In a "penny-wise" and ecologically sound move, the Udalls Cove Preservation Committee will begin a restoration project to protect the recently restored Aurora Pond in Udalls Cove this week.
The project will safeguard the pond, which cost the city $1.4 million to restore in 2006, by stemming erosion in a nearby ravine. This erosion affects the pond because it allows rainwater to carry dirt into a small creek that cuts through the ravine and eventually empties into the pond, said Udalls Cove Preservation President Walter Mugdan. The rainwater comes from nearby city streets and rolls down the ravine's steep slopes.
"If we didn't do this, more and more of the dirt would end up in the creek and it would continue to fill the creek and run down the stream into Aurora Pond," Mugdan said, emphasizing that the restoration is a "penny-wise decision" to protect the city's money that went into restoring the pond.
It took the city two years to restore Aurora Pond, which was named after UCPC member Aurora Gareiss, who died in 2000. The committee began pressing city leaders to restore the pond in the 1980s after the pond became so filled with soil it resembled little more than a mud puddle. Stones were placed along the pond to prevent erosion, but the restoration project at the ravine will help stop erosion and dirt before it even reaches the pond, Mugdan said.
The project was expected to begin on or before May 1 and will be completed by mid-June. It will entail three phases. First, top soil will be brought in to replace the soil lost by the erosion.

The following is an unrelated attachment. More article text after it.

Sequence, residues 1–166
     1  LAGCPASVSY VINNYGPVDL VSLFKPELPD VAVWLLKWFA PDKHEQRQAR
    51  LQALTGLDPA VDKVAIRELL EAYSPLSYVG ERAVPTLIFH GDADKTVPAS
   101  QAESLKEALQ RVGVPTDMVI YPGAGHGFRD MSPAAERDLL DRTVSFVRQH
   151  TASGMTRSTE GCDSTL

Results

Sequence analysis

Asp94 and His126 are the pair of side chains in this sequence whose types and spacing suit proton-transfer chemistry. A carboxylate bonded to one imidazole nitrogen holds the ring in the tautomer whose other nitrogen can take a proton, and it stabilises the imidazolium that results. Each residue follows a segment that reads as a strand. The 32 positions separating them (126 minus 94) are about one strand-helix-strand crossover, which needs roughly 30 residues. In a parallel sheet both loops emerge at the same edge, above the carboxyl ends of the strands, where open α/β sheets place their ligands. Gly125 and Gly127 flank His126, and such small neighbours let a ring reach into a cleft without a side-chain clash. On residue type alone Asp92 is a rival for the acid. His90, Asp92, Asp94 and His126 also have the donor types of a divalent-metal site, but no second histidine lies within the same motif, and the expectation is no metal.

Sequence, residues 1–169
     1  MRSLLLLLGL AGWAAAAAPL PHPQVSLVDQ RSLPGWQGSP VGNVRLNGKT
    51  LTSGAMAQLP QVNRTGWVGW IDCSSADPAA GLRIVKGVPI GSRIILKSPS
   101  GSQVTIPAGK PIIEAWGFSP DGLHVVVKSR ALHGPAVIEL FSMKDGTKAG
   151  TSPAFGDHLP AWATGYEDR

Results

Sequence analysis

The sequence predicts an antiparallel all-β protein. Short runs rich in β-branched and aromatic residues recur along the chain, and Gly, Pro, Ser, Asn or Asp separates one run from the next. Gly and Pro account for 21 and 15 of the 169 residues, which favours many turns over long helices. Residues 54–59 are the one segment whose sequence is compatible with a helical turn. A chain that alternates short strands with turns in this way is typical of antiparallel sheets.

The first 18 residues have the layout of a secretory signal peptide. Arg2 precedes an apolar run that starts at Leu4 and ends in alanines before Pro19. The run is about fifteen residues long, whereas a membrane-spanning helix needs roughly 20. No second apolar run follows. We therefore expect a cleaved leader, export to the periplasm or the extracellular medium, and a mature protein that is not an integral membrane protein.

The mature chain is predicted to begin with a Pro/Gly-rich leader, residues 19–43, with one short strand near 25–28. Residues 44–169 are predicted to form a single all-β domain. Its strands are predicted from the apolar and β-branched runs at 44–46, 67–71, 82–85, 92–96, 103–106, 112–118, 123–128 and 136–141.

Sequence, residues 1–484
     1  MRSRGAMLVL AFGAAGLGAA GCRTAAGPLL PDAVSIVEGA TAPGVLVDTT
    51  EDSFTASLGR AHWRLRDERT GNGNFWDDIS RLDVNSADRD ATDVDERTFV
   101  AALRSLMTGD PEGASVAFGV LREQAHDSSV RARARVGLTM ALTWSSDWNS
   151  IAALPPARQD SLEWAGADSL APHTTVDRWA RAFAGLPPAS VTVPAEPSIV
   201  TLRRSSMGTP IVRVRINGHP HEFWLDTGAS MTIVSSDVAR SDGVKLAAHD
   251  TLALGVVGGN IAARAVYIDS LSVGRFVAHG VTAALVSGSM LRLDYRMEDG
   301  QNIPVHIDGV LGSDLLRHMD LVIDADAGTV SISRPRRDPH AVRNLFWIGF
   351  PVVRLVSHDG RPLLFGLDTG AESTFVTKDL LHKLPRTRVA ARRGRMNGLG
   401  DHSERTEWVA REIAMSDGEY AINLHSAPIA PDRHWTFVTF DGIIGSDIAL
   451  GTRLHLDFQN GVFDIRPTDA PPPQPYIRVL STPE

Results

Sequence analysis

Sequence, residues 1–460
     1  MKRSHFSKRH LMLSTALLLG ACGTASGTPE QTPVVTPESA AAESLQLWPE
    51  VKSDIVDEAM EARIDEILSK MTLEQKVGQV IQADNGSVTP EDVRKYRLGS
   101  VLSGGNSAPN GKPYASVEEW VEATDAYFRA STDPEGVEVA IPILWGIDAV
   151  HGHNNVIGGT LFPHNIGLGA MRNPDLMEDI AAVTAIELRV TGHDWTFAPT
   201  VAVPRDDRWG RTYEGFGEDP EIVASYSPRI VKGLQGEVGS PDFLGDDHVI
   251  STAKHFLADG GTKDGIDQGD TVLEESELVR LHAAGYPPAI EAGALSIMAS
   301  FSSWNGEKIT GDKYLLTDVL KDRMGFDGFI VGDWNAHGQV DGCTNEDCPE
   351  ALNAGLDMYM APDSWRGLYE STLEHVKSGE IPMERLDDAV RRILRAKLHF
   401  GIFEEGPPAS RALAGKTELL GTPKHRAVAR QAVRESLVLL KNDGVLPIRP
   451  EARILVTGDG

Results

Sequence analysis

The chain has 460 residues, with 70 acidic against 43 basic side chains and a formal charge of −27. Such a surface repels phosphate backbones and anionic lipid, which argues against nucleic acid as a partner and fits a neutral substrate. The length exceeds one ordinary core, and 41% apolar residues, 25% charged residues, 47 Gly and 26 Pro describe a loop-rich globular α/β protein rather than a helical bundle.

Second, a swale, or "water ditch," will be built along the ravine and will channel rainwater from the top of the ravine to the creek. The swale will be lined with stones of different sizes to curtail any erosion.
Finally, non-native trees and plants that line the ravine will be removed and replaced with 40 trees and 50 shrubs native to the area, such as oak, gum or dogwood trees and Witch Hazel shrubs. Half of the tress will be planted now; the rest will be provided by the city Parks Department and planted in the fall.
The final results will look very natural, Mugdan said.
The project is estimated to cost $75,000 and is being funded through UCPC donations and two $20,000 grants secured by state Sen. Frank Padavan (R-Bellerose) and City Councilman Tony Avella (D-Bayside). The work is being performed by landscape contractor hired by the Udalls Cove group.
Mugdan said his organization has wanted to carry out the restoration project for several years, but other projects have impeded the process, such as the removal of more than 1 million pounds of concrete rubble from the park. He said this project is just another important step in protecting the ecology of a nature preserve.
Reach reporter Katy Gagnon by e-mail at kgagnon@ti
©2008 Community News Group
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